Watching the back and forth of media critics turning on CNN is better than a tennis match. The cable network got in trouble last week for covering the Zimmerman trial and relegating the events in Egypt to a sidebar. Media critic Jay Rosen was taken to task by Jack Shafer in Reuters who praised CNN’s tabloid television, noting that we shouldn’t blame CNN for finally having a strategy, that tabloid television serves the networks ratings, and also stands in for civics lessons:
To be fair, the best tabloid TV contains more nourishment than any burger and fries platter, even if it will always be déclassé… Most of what a layman needs to know about police investigations, police interrogations, witness rights, evidentiary standards, jury selection, and courtroom strategy can be found in Grace’s shriekings and those of her commentators. A week’s worth of her Zimmerman coverage probably contains as much civic education as any half-dozen Frontline documentaries on PBS.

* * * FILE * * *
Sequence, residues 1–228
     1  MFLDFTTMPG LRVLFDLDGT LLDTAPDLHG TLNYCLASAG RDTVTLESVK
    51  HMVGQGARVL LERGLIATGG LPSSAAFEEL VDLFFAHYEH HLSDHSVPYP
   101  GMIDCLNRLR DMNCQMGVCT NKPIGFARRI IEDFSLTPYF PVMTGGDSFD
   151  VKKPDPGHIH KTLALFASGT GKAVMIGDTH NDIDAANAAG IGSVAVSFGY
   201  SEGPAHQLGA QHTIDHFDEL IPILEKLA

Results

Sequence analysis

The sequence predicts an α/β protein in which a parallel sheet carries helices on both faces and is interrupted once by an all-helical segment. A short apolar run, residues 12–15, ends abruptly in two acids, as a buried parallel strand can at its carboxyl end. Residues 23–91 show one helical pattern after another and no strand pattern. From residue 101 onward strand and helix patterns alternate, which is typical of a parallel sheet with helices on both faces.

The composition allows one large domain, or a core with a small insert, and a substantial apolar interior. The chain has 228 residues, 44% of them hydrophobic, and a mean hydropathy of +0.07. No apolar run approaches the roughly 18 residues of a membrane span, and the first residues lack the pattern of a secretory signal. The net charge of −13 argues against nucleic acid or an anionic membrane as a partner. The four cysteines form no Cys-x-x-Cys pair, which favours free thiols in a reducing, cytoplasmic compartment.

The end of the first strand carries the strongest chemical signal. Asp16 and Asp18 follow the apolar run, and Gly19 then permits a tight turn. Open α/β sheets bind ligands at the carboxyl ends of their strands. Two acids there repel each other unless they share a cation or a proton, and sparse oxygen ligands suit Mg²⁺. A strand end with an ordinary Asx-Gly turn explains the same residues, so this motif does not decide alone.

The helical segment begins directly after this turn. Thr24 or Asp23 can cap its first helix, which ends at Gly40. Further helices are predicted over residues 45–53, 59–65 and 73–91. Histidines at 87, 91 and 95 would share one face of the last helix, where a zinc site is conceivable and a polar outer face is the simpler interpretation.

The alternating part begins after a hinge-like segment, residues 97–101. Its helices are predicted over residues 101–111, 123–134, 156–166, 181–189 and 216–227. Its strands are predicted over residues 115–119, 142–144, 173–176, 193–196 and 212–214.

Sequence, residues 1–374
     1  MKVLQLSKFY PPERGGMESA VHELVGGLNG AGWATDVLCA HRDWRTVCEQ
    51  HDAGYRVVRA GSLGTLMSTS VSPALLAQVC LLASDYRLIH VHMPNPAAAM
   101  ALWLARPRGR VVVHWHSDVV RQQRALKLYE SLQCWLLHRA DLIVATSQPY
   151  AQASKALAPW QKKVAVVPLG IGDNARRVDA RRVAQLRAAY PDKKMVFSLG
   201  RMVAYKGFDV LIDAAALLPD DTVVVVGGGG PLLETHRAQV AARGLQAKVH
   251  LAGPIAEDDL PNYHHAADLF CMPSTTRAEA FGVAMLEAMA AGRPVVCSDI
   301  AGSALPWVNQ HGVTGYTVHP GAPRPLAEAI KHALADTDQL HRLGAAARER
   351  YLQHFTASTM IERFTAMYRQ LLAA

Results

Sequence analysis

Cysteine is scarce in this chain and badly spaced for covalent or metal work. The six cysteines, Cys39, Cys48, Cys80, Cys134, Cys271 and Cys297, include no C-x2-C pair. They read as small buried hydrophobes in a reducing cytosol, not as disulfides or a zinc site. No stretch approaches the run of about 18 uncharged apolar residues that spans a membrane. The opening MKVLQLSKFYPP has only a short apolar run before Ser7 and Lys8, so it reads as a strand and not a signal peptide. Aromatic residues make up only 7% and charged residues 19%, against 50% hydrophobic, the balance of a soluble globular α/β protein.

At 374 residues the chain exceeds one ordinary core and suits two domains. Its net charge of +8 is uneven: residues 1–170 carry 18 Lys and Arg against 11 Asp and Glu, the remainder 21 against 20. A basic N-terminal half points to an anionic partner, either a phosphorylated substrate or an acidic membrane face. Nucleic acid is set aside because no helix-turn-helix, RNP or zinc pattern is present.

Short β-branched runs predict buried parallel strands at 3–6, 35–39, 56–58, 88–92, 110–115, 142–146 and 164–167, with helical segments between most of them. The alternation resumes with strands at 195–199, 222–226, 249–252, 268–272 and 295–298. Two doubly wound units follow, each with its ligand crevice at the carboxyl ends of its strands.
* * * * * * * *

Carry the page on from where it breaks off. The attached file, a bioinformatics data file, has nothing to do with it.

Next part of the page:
I usually stand in Rosen’s corner when he takes journalists to task, but in the case of CNN, I’m leaning the other way. But not because I think tabloid television in any way serves the public. It’s more because I’m excited to watch cable news networks hang themselves. They don’t do breaking news very well anymore — watching the manhunt after the Boston Marathon bombings was painful — so let them play with ‘if it bleeds, it leads.” Yes, CNN used to be something better, maybe, but now it’s not. Read more